Lucky Ali: I am probably the only artist who has not been paid royalties by a label
One conversation with singer-songwriter Lucky Ali, and you realise that the 61-year-old is completely detached from fame and money. “In a song, its music needs to be the personality. The expression needs to be the personality. Not the musician,” says Lucky as he explains the sense of detachment and why he has moved on from expecting “any sort” of royalties from record labels, which one would assume would be big, since he has been in the industry for over two decades and released many albums and, songs that have proven to be timeless melodies.
“I am probably the only artist who has not been paid their legitimate royalties by a legitimate music label. [But] they are still earning royalties and they don’t feel its important to share those royalties with the person who created that content. They go out of their way to prevent that, and it’s okay. They have to survive,” he says.
“Maybe back then it was a new thing and maybe things are in place now. But all that time has passed, for us. Now I don’t focus my energy on all these things. I don’t think much about it, because if you look at things from a way that the music is in public domain, and the public dabaoed it on the Internet, for free. And I got public’s love for that music. So it is karmic justice in a way,” he adds.
This sense of detachment is not just limited to receiving royalties. It is also evident in the way he releases his music. Before 2020, Lucky’s last non film single was nine years ago. And while he understands the fact that he takes “too much time with the music”, he feels it’s not up to him when a song releases. “Every song has a time. It will release when it has to. I have never arrived at a point where I have released music because I felt like there was a big gap in time or something like that,” he says.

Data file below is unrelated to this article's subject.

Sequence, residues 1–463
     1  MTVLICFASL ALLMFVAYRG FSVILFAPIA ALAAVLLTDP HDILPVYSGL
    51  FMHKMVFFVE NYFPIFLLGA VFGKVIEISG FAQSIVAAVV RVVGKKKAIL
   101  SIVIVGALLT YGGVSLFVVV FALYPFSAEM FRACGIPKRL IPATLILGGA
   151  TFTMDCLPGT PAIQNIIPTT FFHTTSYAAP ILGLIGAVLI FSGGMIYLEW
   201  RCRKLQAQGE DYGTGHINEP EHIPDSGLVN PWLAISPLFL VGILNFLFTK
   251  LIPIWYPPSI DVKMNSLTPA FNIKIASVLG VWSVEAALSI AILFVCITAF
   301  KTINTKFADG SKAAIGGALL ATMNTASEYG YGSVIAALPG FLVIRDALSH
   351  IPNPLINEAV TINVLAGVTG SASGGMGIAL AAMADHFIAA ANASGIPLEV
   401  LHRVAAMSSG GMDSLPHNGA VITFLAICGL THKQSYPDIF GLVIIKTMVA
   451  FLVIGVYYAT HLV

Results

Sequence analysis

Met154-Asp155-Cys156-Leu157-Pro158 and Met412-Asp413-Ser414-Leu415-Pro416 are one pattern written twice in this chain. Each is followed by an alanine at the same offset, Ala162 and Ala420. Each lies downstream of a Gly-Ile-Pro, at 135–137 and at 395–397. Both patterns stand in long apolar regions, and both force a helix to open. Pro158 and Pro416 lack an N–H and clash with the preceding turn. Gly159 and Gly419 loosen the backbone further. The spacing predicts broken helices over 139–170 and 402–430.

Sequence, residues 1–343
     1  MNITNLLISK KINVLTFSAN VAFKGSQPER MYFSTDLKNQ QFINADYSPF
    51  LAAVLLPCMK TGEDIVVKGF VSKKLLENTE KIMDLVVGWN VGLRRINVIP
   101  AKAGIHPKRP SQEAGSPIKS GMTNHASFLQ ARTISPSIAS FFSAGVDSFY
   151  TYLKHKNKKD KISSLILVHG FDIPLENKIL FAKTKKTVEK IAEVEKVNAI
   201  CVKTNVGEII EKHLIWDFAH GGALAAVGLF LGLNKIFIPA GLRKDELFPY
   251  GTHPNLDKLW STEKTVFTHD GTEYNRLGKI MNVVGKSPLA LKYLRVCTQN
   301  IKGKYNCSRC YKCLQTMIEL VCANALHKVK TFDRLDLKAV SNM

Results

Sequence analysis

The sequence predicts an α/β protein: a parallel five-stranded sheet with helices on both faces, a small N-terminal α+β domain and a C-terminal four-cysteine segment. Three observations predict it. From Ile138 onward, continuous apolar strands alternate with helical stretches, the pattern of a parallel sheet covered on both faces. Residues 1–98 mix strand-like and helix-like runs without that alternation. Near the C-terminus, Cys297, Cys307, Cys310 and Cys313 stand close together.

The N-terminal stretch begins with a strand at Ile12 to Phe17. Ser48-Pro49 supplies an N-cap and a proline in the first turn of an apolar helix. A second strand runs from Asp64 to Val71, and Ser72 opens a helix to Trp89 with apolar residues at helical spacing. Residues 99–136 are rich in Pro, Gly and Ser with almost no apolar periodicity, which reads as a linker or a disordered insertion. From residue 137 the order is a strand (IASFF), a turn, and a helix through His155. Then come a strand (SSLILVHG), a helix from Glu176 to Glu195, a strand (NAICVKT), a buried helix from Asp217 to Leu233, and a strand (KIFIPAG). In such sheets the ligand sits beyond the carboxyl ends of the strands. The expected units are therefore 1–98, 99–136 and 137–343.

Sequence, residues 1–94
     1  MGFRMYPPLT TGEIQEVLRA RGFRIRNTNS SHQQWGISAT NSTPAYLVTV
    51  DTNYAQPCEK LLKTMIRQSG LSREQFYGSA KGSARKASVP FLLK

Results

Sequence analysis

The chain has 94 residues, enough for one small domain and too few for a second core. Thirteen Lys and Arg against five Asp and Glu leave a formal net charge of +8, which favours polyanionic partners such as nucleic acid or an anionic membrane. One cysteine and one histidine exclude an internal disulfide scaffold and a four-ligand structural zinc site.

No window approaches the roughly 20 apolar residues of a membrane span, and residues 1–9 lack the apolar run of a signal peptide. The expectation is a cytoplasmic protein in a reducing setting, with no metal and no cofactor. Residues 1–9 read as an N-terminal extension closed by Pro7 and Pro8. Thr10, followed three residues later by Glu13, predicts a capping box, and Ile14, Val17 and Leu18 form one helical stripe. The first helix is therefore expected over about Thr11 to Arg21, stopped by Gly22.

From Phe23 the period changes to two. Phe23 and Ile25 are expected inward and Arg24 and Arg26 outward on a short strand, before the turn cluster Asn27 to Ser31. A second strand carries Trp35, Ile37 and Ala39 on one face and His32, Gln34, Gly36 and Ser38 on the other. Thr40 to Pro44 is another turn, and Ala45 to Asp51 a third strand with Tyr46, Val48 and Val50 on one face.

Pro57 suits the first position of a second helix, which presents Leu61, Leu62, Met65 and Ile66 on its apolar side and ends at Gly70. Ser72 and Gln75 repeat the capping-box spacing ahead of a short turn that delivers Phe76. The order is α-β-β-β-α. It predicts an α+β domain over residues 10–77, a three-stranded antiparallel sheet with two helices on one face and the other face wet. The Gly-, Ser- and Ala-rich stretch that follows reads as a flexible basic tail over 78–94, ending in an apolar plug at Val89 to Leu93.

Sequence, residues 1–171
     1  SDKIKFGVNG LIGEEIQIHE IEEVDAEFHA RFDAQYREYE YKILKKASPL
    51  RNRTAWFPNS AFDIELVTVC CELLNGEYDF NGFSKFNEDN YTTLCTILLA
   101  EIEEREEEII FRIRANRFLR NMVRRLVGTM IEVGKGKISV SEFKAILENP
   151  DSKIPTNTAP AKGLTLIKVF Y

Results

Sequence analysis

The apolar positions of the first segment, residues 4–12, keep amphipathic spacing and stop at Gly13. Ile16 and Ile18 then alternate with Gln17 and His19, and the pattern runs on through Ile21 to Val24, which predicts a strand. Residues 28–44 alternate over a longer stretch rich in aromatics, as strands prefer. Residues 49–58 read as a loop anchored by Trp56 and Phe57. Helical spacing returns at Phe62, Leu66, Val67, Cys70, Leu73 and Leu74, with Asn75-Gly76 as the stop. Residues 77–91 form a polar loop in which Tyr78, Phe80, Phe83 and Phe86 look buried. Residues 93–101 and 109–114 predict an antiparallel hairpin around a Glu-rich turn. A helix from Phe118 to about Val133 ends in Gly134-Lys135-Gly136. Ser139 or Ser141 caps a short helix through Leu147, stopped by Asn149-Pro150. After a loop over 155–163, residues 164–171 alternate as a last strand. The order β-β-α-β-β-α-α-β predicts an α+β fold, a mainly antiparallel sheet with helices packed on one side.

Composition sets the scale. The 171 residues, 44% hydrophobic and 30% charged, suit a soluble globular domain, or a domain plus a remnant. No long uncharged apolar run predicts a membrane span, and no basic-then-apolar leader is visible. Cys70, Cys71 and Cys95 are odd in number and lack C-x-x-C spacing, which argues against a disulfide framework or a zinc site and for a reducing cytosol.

The testament of that is his latest track, which is saw him collaborate with the Bengaluru based hip-hop outfit, Low Rhyders. Titled Sacrifice, the song took at least three years to be made, but, was conceptualised 10 years ago. “It was all organic. No one was focussing on it. It just kept happening organically. The initial conversation started within the group, and what they wanted to say. Then, I came in the picture. I felt that in their genre, there is no melody, so they had to get a melody, because I feel that without a melody a song doesn’t attract anyone. Words came really late, and it took a long time before it came to the version that one hears today,” says Lucky.
The conversation with Lucky, invariably goes towards the space of independent music, and he is quick to point out that independent music allows a musician’s “expressions” take centre stage. “Film music takes you on a nice journey. It doesn’t necessarily show you the reality. But with independent music, a musician has the chance to say that Listen I need to say something. These are my thoughts and my interpretations that I want to convey and I want to express that. And today, because of so many available platforms, they have that chance and people are able to see so many expressions,” he signs off.
Interact with the author on Twitter/@sammysamarth